Re "Scope of Logging in Sequoia Monument Plan Angers Critics," Jan. 28: The caption under the photo of President Bush states that he "marveled" at the large trees. Funny choice of words. I don't see a marveling expression on his face.
I do see a calculating expression. Considering Bush and his administration's current views on environmental policy, I can just imagine him thinking, "Gee, I wonder how many houses we could build from one of these big trees. Better yet, I wonder what our current prices of lumber are to Asia." Of course, the park ranger standing next to him is saying: "Please, President Bush, don't privatize my job and put me out of work. I've got a family. I pay taxes too. Don't I count?"
The logging industry is now allowed into our national monuments -- what is going to happen next? The giant sequoias are one of the most beautiful sights in California, and the Forest Service is planning to extract timber at a rate of 3,000 logging trucks per year. Our treasured public lands are being used for the profit of the timber industry in the name of fire protection. California must protect its wild heritage from such destructive practices in forestry, mining and development.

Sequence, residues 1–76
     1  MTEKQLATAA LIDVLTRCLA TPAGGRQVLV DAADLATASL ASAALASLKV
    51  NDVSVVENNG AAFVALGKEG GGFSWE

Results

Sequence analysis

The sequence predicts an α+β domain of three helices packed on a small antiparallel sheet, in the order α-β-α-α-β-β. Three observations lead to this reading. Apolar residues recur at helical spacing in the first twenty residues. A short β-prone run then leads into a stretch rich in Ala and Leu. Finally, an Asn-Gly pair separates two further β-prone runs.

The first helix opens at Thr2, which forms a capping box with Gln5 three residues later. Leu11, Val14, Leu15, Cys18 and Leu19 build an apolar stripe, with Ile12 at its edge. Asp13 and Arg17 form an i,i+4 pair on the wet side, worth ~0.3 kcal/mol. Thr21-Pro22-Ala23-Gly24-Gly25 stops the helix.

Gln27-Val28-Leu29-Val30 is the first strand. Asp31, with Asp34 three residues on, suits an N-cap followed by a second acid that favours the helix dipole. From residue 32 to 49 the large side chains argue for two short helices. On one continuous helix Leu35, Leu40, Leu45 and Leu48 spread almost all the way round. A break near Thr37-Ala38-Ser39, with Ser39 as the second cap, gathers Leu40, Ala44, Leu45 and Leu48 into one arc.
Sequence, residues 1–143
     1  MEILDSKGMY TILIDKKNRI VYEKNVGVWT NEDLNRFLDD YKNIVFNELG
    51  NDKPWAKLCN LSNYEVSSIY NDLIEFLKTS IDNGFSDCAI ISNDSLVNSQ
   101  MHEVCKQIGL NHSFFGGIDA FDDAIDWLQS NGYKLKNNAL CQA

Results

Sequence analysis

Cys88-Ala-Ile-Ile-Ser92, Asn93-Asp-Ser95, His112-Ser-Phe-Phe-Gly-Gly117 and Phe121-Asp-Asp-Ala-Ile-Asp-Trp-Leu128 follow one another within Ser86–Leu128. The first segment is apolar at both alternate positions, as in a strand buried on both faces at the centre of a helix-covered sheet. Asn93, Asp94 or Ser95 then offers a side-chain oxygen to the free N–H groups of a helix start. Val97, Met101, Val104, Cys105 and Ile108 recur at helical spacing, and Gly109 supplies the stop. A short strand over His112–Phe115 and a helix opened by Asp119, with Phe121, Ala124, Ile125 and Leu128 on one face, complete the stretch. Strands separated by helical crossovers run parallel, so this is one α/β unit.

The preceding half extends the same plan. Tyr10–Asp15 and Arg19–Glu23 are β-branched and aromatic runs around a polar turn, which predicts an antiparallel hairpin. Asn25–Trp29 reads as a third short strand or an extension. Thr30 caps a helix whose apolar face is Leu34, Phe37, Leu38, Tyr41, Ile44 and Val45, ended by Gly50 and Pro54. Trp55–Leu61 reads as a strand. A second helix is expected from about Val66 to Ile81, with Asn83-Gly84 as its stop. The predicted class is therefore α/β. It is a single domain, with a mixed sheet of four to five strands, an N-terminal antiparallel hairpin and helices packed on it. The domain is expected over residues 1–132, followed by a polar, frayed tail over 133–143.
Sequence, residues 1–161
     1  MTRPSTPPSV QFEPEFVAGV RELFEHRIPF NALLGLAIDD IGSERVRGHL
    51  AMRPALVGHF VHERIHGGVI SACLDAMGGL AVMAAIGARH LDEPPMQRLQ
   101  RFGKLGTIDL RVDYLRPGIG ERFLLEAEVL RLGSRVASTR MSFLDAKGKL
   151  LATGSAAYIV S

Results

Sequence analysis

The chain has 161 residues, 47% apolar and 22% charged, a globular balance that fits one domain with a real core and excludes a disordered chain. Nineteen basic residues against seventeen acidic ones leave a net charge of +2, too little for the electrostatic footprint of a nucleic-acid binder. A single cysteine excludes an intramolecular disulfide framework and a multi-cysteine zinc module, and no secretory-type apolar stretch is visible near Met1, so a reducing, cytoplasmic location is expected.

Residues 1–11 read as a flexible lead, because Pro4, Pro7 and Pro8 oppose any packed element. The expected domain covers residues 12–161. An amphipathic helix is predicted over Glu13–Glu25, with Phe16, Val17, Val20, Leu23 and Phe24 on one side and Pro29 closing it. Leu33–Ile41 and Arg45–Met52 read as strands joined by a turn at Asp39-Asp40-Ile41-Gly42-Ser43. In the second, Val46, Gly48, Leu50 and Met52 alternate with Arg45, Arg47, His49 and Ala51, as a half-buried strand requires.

California is known around the world for its beauty -- wild places like the Giant Sequoia National Monument, Yosemite, Big Sur and the Owens River headwaters draw millions of visitors from around the world every year. To ensure that places like these are permanently protected, we need to designate them as wilderness through the California Wild Heritage Act.
In wilderness, land managers can still use fire as a tool to restore fire-dependent ecosystems. They can suppress fires in wilderness without sacrificing the integrity of these places. Help protect California's beauty.
California Wild Heritage
Campaign, Los Angeles